Also, do you think there is any worth in some of the intestinal permeability “cures” on the internet, I.e. drinking endless bone broth?
 
Also, do you think there is any worth in some of the intestinal permeability “cures” on the internet, I.e. drinking endless bone broth?
The small intestine uses mainly arginine, glutamine, and growth factors (TGFβ, macrophage signaling) to recover after intestinal inflammation. You get these from regular diets. Not sure specific diets help crohn's, I think several do more harm than good by excluding many nutrients.
 
Do you feel hopeful about the qu biologics idea? From what I understand they are trying to increase deficient immune response which hopefully would result in reduction of pathogens.
We've tried stimulating innate immune responses with GM-CSF, which wasn't very successful.

While the innate immune response is incompetent in crohn's disease, it is also the innate immune response that causes the tissue damage and inflammation.

Stimulating an innate immune response in crohn's disease patient could lead to more intestinal damage too if there's no resolution. It has to result in mucosal healing so the pathogens are not just cleared effectively, but innate barrier function is restored too.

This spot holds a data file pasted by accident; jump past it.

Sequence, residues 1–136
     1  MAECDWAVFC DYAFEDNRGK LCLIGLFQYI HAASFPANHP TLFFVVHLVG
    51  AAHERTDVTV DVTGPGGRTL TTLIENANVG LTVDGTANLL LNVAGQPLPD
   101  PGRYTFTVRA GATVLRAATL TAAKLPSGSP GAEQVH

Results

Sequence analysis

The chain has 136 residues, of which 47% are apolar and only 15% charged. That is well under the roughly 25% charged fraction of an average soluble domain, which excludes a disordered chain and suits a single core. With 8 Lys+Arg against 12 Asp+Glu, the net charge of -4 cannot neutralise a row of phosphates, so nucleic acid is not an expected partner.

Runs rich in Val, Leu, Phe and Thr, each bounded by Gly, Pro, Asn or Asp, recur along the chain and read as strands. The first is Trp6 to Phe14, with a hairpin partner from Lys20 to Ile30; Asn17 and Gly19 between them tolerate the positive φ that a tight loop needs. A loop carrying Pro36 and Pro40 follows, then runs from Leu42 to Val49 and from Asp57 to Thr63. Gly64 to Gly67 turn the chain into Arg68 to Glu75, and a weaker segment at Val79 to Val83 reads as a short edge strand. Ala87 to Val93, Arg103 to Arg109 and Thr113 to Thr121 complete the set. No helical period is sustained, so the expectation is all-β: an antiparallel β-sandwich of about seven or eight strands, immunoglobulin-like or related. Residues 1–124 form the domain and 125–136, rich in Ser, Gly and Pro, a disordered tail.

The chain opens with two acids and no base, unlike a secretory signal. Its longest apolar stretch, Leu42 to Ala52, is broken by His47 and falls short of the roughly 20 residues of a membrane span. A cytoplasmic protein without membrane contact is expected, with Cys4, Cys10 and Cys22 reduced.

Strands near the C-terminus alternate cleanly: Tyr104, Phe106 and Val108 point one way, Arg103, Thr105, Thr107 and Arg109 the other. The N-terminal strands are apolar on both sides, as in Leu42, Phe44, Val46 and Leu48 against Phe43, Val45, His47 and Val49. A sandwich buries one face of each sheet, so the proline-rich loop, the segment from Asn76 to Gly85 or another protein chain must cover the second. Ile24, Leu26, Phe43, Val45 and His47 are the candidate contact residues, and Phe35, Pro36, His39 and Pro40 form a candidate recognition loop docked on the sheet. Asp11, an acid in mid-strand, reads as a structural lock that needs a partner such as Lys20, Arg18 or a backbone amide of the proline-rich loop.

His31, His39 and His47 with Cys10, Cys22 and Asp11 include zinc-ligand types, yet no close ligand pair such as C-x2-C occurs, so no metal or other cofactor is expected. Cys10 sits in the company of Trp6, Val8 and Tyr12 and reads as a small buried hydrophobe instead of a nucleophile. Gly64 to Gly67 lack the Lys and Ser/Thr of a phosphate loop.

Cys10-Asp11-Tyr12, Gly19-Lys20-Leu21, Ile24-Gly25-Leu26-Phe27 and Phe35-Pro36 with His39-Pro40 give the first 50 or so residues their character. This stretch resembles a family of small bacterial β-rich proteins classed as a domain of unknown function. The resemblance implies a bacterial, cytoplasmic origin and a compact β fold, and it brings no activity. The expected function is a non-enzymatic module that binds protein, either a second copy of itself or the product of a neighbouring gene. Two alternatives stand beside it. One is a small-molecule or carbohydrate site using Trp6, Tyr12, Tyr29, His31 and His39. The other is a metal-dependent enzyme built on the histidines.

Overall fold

The important reason why anti-TNF work, is because they are able to cause rapid mucosal healing.
 
Location
San Diego
The small intestine uses mainly arginine, glutamine, and growth factors (TGFβ, macrophage signaling) to recover after intestinal inflammation. You get these from regular diets. Not sure specific diets help crohn's, I think several do more harm than good by excluding many nutrients.
Nestle came up with dietary treatment formula about 5 years ago that was high in those amino acids for treatment of mild to moderate Crohn's - the theory being that boosting the dietary intake of the key amino acids would strengthen the mucosal barrier and decrease the disease. Didn't work. It flunked the clinical trials and thus never made it to the market.
 
Nestle came up with dietary treatment formula about 5 years ago that was high in those amino acids for treatment of mild to moderate Crohn's - the theory being that boosting the dietary intake of the key amino acids would stengthen the mucosal barrier and decrease the disease. Didn't work. It flunked the clinical trials and thus never made it to the market.